Ways to read:

  1. Buy the book or individual chapters.
  2. Check your university library; it’s freely available at libraries with a Springer subscription.
  3. For a free download of the Introduction, go here, scroll down to ‘Table of Contents’ then select ‘Front Matter.’

What the book does

  • Assembles existing knowledge in the environmental and social sciences to generate a science-based, integrated, accessible, and actionable theoretical framework for socio-environmental studies
  • Overcomes dualistic tendencies in conventional worldviews, such as humans and nature, individual and society, and the like
  • Facilitates interdisciplinary communication and collaboration among those seeking to understand and address complex socio-environmental issues
  • Outlines a general theory of social change


In the face of complex, interwoven, planet-scale problems, many cite the need for more integrated knowledge—especially across the natural and social sciences. Excessive specialization, they argue, gets in the way of knowing what we know, much less being able to use it to address urgent socio-environmental crises. These concerns, it turns out, go back centuries. This book picks up where most leave off, exploring the history of how we got here and proposing a way forward. Along the way, readers find that the synthesis long called for depends on theoretical advancements in social science. Fortunately, the author argues, we have everything we need to achieve those advancements, thanks largely to the contributions of Norbert Elias. Integrating his insights with history, science, sociological theory, and more, this book neatly packages the upgraded paradigm we need to be able to meaningfully address complex socio-environmental problems and more intentionally shape humanity’s collective future.

Who’s it for?

  • Teachers and scholars in the realm of environmental studies and sciences
  • Anyone working toward Transition and positive social change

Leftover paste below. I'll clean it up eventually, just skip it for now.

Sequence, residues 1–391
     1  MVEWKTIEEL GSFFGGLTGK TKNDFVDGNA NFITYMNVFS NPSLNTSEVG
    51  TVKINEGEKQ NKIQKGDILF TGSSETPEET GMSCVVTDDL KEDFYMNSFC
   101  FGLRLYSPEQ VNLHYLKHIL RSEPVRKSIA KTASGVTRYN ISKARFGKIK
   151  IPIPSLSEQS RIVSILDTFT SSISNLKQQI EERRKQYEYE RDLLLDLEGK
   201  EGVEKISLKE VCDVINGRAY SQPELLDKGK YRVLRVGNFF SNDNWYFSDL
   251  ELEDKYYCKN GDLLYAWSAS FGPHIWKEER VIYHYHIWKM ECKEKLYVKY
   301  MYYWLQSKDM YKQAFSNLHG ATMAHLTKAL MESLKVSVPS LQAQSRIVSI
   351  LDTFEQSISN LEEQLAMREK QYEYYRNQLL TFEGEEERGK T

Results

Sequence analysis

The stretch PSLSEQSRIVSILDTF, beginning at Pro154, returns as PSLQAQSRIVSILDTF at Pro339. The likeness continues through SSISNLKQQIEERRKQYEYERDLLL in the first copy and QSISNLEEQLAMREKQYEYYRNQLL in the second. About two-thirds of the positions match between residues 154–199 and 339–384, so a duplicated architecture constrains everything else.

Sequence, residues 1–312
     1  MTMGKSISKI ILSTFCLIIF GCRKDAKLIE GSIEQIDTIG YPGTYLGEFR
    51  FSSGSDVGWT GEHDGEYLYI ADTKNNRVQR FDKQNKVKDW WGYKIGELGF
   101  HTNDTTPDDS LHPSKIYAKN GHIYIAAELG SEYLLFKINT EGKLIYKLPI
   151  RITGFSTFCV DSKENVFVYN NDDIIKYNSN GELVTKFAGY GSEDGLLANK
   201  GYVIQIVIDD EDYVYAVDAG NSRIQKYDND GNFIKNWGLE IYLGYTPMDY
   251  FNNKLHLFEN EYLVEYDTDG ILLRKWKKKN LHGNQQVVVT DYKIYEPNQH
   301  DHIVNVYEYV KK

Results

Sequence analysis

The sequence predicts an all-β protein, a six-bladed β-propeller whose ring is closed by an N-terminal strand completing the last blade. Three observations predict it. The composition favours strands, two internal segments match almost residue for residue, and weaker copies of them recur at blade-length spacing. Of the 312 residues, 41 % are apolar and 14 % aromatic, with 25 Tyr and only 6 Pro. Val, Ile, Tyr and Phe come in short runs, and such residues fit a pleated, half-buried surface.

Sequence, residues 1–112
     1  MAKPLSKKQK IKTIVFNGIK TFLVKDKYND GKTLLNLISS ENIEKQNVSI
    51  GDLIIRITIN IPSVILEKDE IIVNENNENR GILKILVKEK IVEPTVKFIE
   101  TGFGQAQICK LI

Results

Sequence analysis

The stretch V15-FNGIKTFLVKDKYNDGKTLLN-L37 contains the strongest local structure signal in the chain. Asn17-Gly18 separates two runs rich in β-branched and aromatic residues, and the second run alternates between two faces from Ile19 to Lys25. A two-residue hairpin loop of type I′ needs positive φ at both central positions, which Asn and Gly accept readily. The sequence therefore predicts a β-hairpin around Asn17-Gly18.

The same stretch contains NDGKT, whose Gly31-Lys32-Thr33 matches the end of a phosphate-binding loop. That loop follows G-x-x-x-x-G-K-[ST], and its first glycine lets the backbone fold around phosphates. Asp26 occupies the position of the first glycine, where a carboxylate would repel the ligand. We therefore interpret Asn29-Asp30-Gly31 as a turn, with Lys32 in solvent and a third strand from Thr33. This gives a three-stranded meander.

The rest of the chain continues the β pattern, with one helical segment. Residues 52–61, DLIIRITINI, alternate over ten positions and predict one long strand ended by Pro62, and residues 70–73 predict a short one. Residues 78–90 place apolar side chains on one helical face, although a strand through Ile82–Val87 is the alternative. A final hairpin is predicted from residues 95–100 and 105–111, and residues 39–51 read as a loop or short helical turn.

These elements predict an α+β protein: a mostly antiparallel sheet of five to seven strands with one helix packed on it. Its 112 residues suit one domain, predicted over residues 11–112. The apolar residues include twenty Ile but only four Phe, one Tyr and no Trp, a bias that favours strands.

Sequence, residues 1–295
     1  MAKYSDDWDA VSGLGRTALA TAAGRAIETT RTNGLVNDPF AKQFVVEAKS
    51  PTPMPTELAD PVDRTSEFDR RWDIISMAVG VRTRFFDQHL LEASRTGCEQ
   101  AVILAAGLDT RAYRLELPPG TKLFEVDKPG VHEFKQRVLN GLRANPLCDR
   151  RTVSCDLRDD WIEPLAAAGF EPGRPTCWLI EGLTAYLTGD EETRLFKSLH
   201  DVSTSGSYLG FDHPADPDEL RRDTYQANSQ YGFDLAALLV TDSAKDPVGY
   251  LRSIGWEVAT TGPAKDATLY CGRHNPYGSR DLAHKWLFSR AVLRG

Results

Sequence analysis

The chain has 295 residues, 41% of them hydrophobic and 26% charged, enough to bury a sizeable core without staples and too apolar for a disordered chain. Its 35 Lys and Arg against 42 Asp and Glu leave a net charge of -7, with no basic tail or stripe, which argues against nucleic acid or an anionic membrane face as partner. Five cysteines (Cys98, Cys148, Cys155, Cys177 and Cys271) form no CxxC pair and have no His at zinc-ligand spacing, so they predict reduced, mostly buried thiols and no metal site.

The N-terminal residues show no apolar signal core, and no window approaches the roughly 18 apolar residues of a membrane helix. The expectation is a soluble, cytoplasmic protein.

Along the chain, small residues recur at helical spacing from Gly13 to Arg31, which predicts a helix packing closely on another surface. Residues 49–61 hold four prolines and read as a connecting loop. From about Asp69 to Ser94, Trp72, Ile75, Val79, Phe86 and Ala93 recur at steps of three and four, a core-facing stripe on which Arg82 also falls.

• Advocates of interdisciplinary education for the real world
  • Generalists, big picture thinkers, and aspiring synthesists
  • Elias fans interested in the broader value of his work
  • Sociologists and social scientists of all kinds
  • And other curious minds


“Debbie Kasper’s Beyond the Knowledge Crisis is a vital work that arrives at a critical time. Scholars of Norbert Elias should be delighted with Kasper’s explorations of his work and influence, but perhaps more importantly, all practitioners of integrative problem solving will find great insight and guidance here. Kasper provides a much-needed tonic during a time of enormous practical and existential challenges, when teachers and students alike need clear guidance to undertake integrative problem solving, especially in environmental studies. As an iconoclastic interdisciplinarian with a 30-year career learning and teaching, I can attest that it is rare to encounter a book that so skillfully and accurately depicts the world of professional practice that I have both inhabited and researched for so long. Kasper’s work will help us navigate the complexities of setting and achieving truly interdisciplinary goals in the face of the great complexity that now demands them.”

—Richard L. Wallace, Professor of Environmental Studies and Marine Science, Chair of the Environmental Studies Department, Ursinus College, USA

“The book summarizes the work of several decades, culminating in a revolutionary model of recent human evolution. It challenges current consensus views fundamentally, presenting in its support a mass of evidence, much of which has never been assembled before. This evidence derives primarily from archaeology, paleoanthropology, genetics, clinical psychology, neurosciences, linguistics and cognitive sciences. No even remotely similar thesis of recent human origins has ever been published, but some of the key elements of this book have been published by the author in major refereed journals in the last two years. Its implications, if published effectively, would be far-reaching, and would profoundly affect the way we perceive ourselves as a species.”


“…Broad in sweep, Kasper’s book examines the ecological crisis—the practical issue of politics and policy now and in the near future. The author’s stress throughout is on the word synthesis, recognizing that a theoretical and empirical intellectual synthesis of history and the social and natural sciences is necessary to tackle the global problems of the age. This very synthesis is that which Elias himself was seeking to achieve, especially in his later writings.”

—Stephen Mennell, Professor Emeritus of Sociology, University College Dublin, Ireland